Other churches have multimillion dollar stadiums to accommodate thousands of people, or run television studios as part of their mission. Is that structure required for their religious beliefs, or is it merely an organization founded on religious beliefs, which could fulfil its mission just as well if it were commercial and paid taxes?

This Pulpit Initiative might backfire. The easiest way to free preachers to campaign from the pulpit is to remove the one thing that prevents them from doing so -- the tax-exempt status of churches.
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I don't post a whole lot. I've never gotten the hang of using this as a sort of postcard to my friends. Instead, I use it more to write editorial-style reactions to things. Or just talk about something that intrigues or bothers me.

Religion fascinates me. Unfortunately, much of what is evil in the world seems to be done in the name of doing good, or at least in the name of what someone thinks God wants them to do.

This essay presupposes a fairly normal (whatever that is) idea of God in the American Christian sense. On we go.


A few weeks ago, I was at a Church breakfast, and we were discussing how to figure out what God wants us to do. Some people talked about following what it says in the Bible, which is really hard to do because the Bible contradicts itself. (If you don't think so, you haven't been reading it closely). So how do you decide what parts of the Bible to take seriously? Usually people rely on what some preacher says. So how do you decide which preacher to follow?

And then someone asked, "why do we have prophets and preachers at all? Why doesn't God just tell each of us directly what he wants of us?" The talk turned to having faith and belief and obedience. But the question gobsmacked me.

I should mention that I've never been comfortable with the traditional Christian idea of God. I took a Talmud course once, which approached the Bible as a collection of teaching stories. The value of the stories lies in what you discover for yourself as you discuss and debate them. Improbable stories which illustrate questionable morals are not there so you can 'have faith and believe'; just the contrary. They are there so that, by examining the shades of grey, you can discover for yourself what is meant by black or white. This made a lot of sense to me; as a teacher, I know that this is a good way to teach intangibles.

For instance, how do you teach the idea of beauty? You could simply show a bunch of beautiful things, and say 'this is beauty'. But that doesn't teach the concept of beauty; it just presents examples. To internalize the concept, it works far better to show something that may or may not be beautiful, and discuss in what ways it is beautiful and in what ways it fails to achieve beauty. The process of examination and thought develops the ability to discern beauty far better than just presenting examples does.

So -- back to the question -- why doesn't God just tell us what he wants us to do? Free will, said some. But free will is the answer to why God doesn't impose his will; it's no excuse for not making his will clear. Some replied he did make his will clear; he gave us the Bible. But that's not clear either; first someone has to tell you that it is the will of God (God doesn't whisper it in your ear), then you have to read it in whatever translation and decide what God really meant by saying certain things, and finally even if this is the word of God, what does that say about what you are supposed to do. Meanwhile others saying other things are really the will of God. If the will of God were clear, then discerning God's will would not even be a question. It is a question, so the will of God is not clear, QED. Certainly God has the ability to tell each and every person on Earth what he wants by direct revelation. So if what God wants us is for us to obey his will, why doesn't he just tell us what his will is?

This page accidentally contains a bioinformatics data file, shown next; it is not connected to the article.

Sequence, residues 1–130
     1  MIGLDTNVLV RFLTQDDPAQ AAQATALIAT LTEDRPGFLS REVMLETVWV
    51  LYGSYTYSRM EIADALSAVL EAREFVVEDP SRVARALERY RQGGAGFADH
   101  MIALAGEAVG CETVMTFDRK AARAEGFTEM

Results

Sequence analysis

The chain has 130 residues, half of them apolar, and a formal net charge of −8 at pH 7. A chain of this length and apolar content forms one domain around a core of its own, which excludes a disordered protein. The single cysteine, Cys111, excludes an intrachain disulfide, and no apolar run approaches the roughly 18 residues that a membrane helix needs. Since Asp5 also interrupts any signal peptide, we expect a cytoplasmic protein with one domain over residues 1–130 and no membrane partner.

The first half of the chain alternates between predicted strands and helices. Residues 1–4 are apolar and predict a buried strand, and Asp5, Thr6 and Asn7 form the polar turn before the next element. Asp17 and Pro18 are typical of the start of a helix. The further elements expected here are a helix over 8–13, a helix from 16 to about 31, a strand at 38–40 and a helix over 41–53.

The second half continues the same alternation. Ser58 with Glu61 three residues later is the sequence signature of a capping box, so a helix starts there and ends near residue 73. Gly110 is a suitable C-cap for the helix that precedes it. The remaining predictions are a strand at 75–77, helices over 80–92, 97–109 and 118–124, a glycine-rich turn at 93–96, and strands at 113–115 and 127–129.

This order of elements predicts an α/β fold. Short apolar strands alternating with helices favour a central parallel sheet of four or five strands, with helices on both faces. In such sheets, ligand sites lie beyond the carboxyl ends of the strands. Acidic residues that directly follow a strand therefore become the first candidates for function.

It seems uncomfortably like having a relationship with someone who communicates with you by leaving messages with other people. He knows that these people sometimes garble the message, as in a game of telephone. But if you don't understand his message, it's somehow your fault.

I'm sorry, but this is passive-aggressive behavior. When the stakes include the fate of one's soul, it approaches psychopathic proportions. If God wants our obedience, but won't tell each of us clearly what he wants, yet punishes failure with damnation -- then it is logical to conclude that God is insane.

If we assume God is good, then there must be another reason for his not simply telling us what he wants. The reason that makes sense to me is the same as the Talmudic approach to the Bible. God wants us to figure out for ourselves what is right, and by so doing grow up. As long as we are simply obeying him, we will not grow up.

Think of a child. As long as the reason a child obeys is "because I said so!", that child is still a child. Part of growing up is challenging rules, making mistakes, and learning to take responsibility for the consequences of your actions. If your grown-up child obeys you, he does so not because it is your will but because he has evaluated the options and has chosen to do what you want; what was your will is now also his will. And if your grown-up child does something else, it is because you and he have come to different conclusions as to what is best.

To develop that capacity to evaluate, it may -- possibly -- be necessary to be less clear about what is wanted. Imagine a teenager who wants to go to a party but has homework to do. You want him to do his homework, and you could just order him to stay home and do his homework. But you also want him to learn to take responsibility for his actions, and that lesson is frankly more important than just getting his homework done. So you take the risk that he may not do your will; you just remind him that his education is important. He may take the hint and stay home. Or he may go party and have to get up early to finish the homework, or he may fail to do the homework and have to face the academic consequences. Each of these is a lesson, and in fact, the lessons from not doing your will may be more maturing in the long run than obedience would be.

This is the only reason I can see for God not making his will clear. More than he wants our obedience, he wants us to just grow up. And that won't happen unless we challenge and question what we think he might want, and make up our own minds.

And he certainly doesn't want us to simply obey people who claim to be speaking in his name.